Mike Ross Biography
Mike Ross is an American born professional TV News Anchor, reporter and the managing editor at KTUU TV Anchorage in Alaska Area.
Mike Ross Age and Net Worth
Ross has not made his age public yet. Details will be updated soon. His net worth is under review however is predicted to be over a million dollars from his successfyul career. He receives an estimate salary of over $89,999.
Mike Ross Personal Life and Family
He is married to veterinarian Dr. Pam May-Ross, and has three children: 21-year old Jonathan and 16-year old Amanda, along with Mike’s adult son, Michael, and two grandkids: Emma and John Michael.
Mike Ross Early life and Education
Mike grew up in the Great Lakes region. The son of a Coast Guard master chief petty officer, Mike’s family moved about every two years from upstate New York to Cleveland, Ohio to Northern Michigan. His family moved to New York City in 1968 and during their six years there, Mike got interested in broadcasting. His family moved to New Orleans in 1974 when he was in high school. He majored in Communications/Broadcast News at Loyola University.
Mike Ross Career
Mike’s family moved to New York City, and during their six years there, Mike got interested in broadcasting. he said, “The father of one of my seventh-grade friends had contacts at one of NYC’s biggest radio stations and arranged a visit for me,” he explained. “I got to meet some of the best-known DJs and radio newscasters in the area, and I was hooked.” He majored in Communications/Broadcast News at Loyola University.
Mike worked full-time as a staff announcer at a local radio station all during college, and served as the general manager of Loyola’s campus radio station in his senior year. Mike returned to Loyola after graduation as an instructor in on-air techniques and radio production. Upon earning his degree, Mike moved to Baton Rouge, working first in radio news at WJBO-AM, then as a reporter for WAFB-TV in 1981, Mike moved across town to WBRZ-TV as environmental reporter and weekend anchor.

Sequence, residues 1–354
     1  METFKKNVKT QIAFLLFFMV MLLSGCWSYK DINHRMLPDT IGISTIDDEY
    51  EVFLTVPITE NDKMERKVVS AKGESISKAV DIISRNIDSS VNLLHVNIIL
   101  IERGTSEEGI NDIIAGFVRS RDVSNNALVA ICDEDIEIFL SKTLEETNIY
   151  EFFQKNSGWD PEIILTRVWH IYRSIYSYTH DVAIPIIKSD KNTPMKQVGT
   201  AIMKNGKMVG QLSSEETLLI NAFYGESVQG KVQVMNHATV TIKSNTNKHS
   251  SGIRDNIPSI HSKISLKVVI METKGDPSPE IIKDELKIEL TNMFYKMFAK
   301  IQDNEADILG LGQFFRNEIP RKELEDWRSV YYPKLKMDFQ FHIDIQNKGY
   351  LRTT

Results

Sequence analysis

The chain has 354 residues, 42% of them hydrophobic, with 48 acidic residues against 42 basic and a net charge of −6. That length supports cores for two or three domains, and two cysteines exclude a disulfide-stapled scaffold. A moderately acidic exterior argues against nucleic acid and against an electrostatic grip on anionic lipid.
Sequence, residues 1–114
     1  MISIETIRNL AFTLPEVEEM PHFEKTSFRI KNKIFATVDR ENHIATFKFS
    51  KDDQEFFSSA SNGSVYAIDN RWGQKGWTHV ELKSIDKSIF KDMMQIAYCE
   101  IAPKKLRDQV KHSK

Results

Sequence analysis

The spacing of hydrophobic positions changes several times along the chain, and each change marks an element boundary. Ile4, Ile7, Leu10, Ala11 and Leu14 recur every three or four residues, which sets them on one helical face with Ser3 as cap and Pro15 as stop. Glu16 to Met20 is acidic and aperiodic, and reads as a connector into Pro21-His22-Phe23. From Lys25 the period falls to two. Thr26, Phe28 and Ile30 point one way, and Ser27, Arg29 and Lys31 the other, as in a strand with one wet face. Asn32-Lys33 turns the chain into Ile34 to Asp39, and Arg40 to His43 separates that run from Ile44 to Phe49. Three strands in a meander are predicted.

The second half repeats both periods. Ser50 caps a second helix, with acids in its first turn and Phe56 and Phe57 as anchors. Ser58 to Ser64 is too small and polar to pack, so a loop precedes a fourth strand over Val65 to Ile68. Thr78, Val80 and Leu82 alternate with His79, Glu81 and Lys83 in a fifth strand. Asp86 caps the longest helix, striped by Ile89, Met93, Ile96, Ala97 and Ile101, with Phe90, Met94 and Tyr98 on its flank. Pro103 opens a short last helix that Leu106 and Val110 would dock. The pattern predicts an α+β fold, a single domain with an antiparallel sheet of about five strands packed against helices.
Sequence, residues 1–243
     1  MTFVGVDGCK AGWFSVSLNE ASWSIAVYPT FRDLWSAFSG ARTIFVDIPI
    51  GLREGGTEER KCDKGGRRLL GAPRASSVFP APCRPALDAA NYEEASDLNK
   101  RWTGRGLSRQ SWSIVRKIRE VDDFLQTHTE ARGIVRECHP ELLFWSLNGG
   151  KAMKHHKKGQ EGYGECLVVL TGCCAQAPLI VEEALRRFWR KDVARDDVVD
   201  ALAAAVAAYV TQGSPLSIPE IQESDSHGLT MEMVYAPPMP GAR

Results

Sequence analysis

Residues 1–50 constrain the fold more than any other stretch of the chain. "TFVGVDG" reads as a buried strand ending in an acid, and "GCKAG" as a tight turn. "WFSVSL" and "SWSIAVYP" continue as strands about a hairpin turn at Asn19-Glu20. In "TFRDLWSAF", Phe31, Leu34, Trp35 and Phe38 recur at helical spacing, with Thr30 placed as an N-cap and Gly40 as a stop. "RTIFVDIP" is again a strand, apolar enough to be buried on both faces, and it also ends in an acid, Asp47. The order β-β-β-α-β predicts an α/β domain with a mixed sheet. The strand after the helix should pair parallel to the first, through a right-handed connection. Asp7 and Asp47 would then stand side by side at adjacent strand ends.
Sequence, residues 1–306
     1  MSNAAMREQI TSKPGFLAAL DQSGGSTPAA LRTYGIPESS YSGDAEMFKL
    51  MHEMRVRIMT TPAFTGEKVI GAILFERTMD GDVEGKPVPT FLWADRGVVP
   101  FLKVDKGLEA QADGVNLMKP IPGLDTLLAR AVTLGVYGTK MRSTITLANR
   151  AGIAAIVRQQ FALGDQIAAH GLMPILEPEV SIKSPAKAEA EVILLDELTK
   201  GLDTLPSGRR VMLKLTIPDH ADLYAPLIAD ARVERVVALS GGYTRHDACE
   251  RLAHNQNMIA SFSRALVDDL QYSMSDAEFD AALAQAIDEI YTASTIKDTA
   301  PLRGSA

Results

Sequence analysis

He moved back to New Orleans to 1986 to join WWL-A.M., where he anchored a three-hour all news show in the afternoon. He moved to WWL-TV in 1988, covering city hall and the state legislature and numerous hurricanes, including Hurricane Andrew. Mike in 1995 moved behind the scenes for a year as assignment editor, directing news crews to their stories.
Mike started a bureau in the Northshore region of south Louisiana, a bedroom community of New Orleans with a population about the size of Anchorage in 1996. When Hurricane Katrina hit, WWL-TV was the only television station in New Orleans that stayed on the air. The station’s coverage during and after the storm earned Mike and the WWL staff the George Foster Peabody Award, a national Edward R. Murrow Award and the Alfred I. duPont-Columbia University Award.